Regional News in Review - October 2016

Hansmeier is suspended from law

The Minnesota Supreme Court has indefinitely suspended a Minneapolis lawyer who is accused of suing businesses over accessibility issues. The main violation before the high court centered on Paul Robert Hansmeier’s practice of suing people for downloading pornography on the Internet.

Since 2015 the Minnesota Office of Lawyers Professional Responsibility asked the court last year to disbar or suspend Hansmeier. He dropped his opposition to the disciplinary proceedings.

Hansmeier also filed a number of so-called nuisance lawsuits against small businesses, for not complying with disability access laws. Both types of filings were criticized as a way for Hansmeier to profit off of others as many people would pay thousands of dollars to have the cases settled.

Hansmeier was also accused of “discovery abuse” or filing a lawsuit for the sole purpose of seeking the identity of others who could be sued; willfully violating court orders and sanctions and lying to the courts about his finances and associations with other law firms.

He has not indicated if he will seek to be reinstated as a lawyer. Hansmeier told the Pioneer Press he would continue to work for the rights of the disabled. (Source: KSTP-TV, Pioneer Press)

 

Girl rides bus without aides

A seven-year old girl with developmental disabilities and seizures rode a school bus alone for months. This is despite her Individual Education Program (IEP) stating that she would be monitored and provided emergency medication as needed.

An IEP is a legally binding document used to guide the education and oversight of students with special needs. Student Emily Quandt, who attends Lake Elmo Elementary, has had an IEP in place for almost two years. It states that she “requires a trained person to ride the bus to and from school with her each day due to the risk of a life threatening seizure and the need for immediate administration of emergency medication.”

Family members said the Stillwater School District didn’t live up to its end of the agreement. A district spokesperson told KSTP-TV, “When services are added to a child’s IEP, we immediately take steps to staff that position. Until we are able to fill the position, we work collaboratively with our families to put interim plans in place to provide the services needed by the child.” Emails between the Quandts and school district showed that the services weren’t provided as the district tried to hire someone as a bus monitor. The Quandts contacted the Minnesota Disability Law Center.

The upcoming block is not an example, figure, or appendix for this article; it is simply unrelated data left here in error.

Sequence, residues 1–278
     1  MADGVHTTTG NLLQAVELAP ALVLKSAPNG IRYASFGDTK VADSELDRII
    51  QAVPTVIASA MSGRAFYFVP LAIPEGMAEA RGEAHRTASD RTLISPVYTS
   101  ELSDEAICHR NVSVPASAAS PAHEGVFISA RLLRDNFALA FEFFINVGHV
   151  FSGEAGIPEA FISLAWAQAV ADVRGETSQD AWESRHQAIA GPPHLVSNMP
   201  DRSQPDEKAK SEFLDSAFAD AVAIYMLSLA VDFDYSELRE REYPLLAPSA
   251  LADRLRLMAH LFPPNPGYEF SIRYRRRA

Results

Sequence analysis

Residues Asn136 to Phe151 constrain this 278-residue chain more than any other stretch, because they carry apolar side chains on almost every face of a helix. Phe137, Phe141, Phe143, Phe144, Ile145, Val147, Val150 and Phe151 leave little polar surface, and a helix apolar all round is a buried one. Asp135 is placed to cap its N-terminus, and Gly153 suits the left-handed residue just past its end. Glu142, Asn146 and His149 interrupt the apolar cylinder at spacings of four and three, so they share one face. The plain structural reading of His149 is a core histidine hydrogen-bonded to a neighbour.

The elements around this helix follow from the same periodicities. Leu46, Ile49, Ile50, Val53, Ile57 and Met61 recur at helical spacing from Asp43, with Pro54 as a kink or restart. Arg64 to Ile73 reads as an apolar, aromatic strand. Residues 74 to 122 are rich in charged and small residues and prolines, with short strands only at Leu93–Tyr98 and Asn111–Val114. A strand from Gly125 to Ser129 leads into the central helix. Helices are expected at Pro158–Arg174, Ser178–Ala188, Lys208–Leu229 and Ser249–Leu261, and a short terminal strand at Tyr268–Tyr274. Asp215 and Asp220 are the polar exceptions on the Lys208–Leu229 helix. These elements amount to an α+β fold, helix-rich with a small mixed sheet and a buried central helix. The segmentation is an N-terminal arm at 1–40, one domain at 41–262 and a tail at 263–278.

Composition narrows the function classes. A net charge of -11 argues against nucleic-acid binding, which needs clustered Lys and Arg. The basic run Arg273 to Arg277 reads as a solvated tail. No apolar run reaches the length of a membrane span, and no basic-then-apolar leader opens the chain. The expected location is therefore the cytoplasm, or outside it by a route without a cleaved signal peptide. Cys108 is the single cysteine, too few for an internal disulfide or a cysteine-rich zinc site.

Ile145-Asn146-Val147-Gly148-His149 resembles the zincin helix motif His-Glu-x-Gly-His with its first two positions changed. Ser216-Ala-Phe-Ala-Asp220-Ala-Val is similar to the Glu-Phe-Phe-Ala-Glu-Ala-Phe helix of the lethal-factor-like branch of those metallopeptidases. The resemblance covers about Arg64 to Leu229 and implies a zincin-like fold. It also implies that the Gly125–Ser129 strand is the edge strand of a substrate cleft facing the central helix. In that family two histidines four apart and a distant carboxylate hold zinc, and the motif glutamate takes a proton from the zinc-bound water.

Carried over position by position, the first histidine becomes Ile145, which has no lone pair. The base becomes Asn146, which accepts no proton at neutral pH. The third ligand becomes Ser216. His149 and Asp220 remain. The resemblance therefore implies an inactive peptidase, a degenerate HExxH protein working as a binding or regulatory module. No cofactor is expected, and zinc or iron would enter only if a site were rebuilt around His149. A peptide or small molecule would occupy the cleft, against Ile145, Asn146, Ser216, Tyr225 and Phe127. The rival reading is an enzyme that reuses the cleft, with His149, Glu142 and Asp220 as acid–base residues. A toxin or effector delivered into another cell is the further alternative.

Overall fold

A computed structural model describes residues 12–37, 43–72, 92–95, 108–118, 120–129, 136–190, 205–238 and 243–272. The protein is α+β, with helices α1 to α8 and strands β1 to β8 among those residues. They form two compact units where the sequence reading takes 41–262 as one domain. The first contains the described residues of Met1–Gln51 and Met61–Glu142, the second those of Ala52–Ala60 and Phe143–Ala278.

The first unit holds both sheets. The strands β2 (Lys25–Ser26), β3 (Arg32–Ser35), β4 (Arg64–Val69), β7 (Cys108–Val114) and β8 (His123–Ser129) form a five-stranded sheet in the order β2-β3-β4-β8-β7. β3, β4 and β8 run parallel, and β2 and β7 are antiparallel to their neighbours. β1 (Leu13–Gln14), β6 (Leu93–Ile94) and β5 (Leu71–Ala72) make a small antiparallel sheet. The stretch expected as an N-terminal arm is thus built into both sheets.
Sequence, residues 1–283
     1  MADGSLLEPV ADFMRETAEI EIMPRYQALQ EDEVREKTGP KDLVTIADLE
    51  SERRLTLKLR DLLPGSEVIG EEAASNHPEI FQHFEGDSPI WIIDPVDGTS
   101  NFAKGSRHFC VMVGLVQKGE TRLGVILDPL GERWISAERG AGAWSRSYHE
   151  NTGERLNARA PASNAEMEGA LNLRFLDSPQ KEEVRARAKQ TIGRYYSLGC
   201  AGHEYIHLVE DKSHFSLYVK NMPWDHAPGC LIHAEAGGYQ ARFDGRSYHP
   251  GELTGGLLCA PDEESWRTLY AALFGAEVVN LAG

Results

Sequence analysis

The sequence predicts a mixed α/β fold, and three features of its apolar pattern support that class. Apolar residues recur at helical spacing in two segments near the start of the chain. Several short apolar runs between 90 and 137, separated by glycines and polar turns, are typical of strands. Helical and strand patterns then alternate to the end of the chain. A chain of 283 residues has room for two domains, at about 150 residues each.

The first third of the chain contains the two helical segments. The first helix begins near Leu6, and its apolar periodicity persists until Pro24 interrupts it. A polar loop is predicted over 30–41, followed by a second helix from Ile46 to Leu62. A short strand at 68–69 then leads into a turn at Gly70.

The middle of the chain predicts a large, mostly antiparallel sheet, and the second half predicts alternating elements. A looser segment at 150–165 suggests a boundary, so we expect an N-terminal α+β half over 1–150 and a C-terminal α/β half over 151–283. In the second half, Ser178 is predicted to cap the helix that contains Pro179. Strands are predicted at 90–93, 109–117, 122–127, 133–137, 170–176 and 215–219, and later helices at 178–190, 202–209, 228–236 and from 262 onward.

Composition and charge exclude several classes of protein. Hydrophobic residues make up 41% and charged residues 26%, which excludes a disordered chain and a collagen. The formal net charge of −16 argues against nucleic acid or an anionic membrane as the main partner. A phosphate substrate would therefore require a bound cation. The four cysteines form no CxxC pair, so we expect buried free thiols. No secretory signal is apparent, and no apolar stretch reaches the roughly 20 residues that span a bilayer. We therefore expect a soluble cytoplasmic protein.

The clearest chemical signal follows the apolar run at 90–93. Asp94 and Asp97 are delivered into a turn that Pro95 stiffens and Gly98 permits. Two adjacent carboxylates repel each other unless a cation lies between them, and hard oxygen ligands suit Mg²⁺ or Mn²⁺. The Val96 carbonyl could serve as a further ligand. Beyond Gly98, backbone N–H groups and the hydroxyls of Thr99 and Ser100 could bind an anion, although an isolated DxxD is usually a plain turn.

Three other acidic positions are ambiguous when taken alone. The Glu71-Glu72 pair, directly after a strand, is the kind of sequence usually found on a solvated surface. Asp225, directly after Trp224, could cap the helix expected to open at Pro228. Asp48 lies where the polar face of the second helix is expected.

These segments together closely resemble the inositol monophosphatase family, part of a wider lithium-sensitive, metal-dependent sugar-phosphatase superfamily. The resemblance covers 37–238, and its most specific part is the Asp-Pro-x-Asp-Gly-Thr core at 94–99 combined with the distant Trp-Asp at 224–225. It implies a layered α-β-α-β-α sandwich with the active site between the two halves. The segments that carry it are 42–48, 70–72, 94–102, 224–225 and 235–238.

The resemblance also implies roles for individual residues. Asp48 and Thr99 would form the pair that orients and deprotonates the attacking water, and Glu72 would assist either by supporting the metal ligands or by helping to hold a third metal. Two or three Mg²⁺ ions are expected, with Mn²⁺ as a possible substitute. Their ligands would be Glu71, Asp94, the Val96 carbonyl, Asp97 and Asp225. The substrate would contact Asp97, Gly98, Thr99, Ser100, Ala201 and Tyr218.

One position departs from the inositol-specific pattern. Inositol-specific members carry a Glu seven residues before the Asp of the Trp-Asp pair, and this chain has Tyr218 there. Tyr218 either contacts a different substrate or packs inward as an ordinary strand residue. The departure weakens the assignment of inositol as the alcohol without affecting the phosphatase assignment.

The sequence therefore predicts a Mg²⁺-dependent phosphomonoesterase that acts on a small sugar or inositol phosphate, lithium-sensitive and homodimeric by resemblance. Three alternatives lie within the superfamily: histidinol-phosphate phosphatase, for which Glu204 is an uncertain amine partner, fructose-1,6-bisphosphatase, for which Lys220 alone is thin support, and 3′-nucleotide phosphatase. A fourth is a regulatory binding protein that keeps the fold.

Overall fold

The Stillwater School District has dealt with concerns that IEPs have been changed after parents signed them. Tight budgets and staffing issues have caused problems with IEP compliance in other districts. (Source: KSTP-TV)

 

Mental health issues studied

More than half of all inmates in the Hennepin County jail suffer from a mental illness of some kind—far more than thought—and they are more likely to reoffend than other inmates. “What we’re seeing is crisis levels of mental illness among our inmates,” said Hennepin County Sheriff Rich Stanek. “This is solid evidence that our jails continue to serve as the largest mental health facilities in the state.”

Hennepin County will soon launch a program designed to better identify inmates with mental health problems and divert many to court-supervised treatment programs. For the first time, doctoral-level psychologists will work at the jail to evaluate inmates and identify community treatment alternatives. The program is expected to result in the early release of at least 100 mentally ill inmates in the first year; only those accused of lower-level offenses.

Jail officials are collaborating more closely with Hennepin County Medical Center (HCMC). Starting next month, every inmate booked downtown will be screened for a mental illness by a registered nurse from HCMC. Screenings was done before by deputies. Inmates who require prescription medications will receive a 24 hours’ supply upon release, with HCMC nurses overseeing the service, Stanek said.